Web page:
China's 'secure' OS Kylin - a threat to U.S offensive cyber capabilities?

China's 'secure' OS Kylin - a threat to U.S offensive cyber capabilities?

Summary: Picture a cyber warfare arms race where the participating countries have spent years of building offensive cyber warfare capabilities by exploiting the monoculture on one another's IT infrastructure.

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Picture a cyber warfare arms race where the participating countries have spent years of building offensive cyber warfare capabilities by exploiting the monoculture on one another's IT infrastructure.

Suddenly, one of the countries starts migrating to a hardened operating system of its own, and by integrating it on systems managing the critical infrastructure it successfully undermines the offensive cyber warfare capabilities developed by adversaries designed to be used primarily against Linux, UNIX and Windows.

That's exactly what China is doing right now with their hardened OS Kylin according to Kevin G. Coleman, Senior Fellow and Strategic Management Consultant with the Technolytics Institute who presented his viewpoint in a hearing at the U.S. – China Economic and Security Review Commission.

Here's an excerpt from the hearing:

"Chinese authors believe the United States already is carrying out offensive cyber espionage and exploitation against China. China therefore must protect its own assets first in order to preserve the capability to go on the offensive. While this is a highly unpopular statement, WE ARE IN THE EARLY STAGES OF A CYBER ARMS RACE AND NEED TO RESPOND ACCORDINGLY!

This race was intensified when China created Kylin, their own hardened server operating system and began to convert their systems back in 2007. This action also made our offensive cyber capabilities ineffective against them given the cyber weapons were designed to be used against Linux, UNIX and Windows."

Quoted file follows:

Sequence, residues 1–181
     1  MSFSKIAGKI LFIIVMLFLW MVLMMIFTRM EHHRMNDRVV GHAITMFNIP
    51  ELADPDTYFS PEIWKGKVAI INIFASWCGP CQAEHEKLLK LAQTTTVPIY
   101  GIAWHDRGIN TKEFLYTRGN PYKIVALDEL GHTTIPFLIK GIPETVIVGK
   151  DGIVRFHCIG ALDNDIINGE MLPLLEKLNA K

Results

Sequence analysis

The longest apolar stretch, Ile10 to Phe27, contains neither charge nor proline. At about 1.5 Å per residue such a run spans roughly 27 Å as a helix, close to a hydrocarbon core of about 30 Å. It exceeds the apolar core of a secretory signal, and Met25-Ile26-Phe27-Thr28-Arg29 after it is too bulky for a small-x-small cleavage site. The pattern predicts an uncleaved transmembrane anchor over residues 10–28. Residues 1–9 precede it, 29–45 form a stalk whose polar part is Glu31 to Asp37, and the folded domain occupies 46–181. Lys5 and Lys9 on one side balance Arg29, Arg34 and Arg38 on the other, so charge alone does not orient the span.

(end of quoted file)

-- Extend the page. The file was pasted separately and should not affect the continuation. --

Kylin is an operating system developed by the the University of Science and Technology for National Defense, and successfully approved by China's 863 Hi-tech Research and Development Program office in 2006.  According to their web site, the OS has already achieved one of the highest national data security standards, and is therefore to be used as critical military and government servers. Is Kylin so unique and impenetrable as China is pitching it, following years of research and piles of money spent on branding it as the secure national operating system of choice? That may not be the case.

In a recently conducted kernel similarity analysis, a Chinese student debunks this notion by pointing out that not only are different versions of Kylin's kernel virtually the same, but also, that most of the kernel code is identical to the one of FreeBSD5.3:

"A Linux specialist who declined to be named, said recently that of all the Linux kernel codes, none are developed by Chinese. The situation has been acknowledged by Ni Guangnan, an academic with the Chinese Academy of Engineering and a strong advocate of Linux in China.

Prior to this, the Kylin operating system - which is funded by the National 863 High-Tech Program - was found to have plagiarized from the FreeBSD5.3. An anonymous internet user, who goes by the handle name "Dancefire", pointed out similarities between the two systems reached 99.45 percent."

All warfare is indeed based on deception, especially when you're re-branding.

The rush to participate in the "national security operating system" arms race is pretty evident across the world, with the European Union's secure OS Minix, the U.S Air Force new 'secure distribution of Windows XP' and Russia's interest in a similar secure OS.

What everyone appears to be forgetting is the fact that security is proportional with usability, and as well as the fact that complexity is the worst enemy of security. Combined, these complexities and usability issues end up in not so surprising results such as the recently conducted pen testing audit at the U.S Federal Aviation Administration, where the auditors from KPMG logically bypassed the "security through secure OS mentality" and by attacking the upper layers of the OSI Model presented the following results: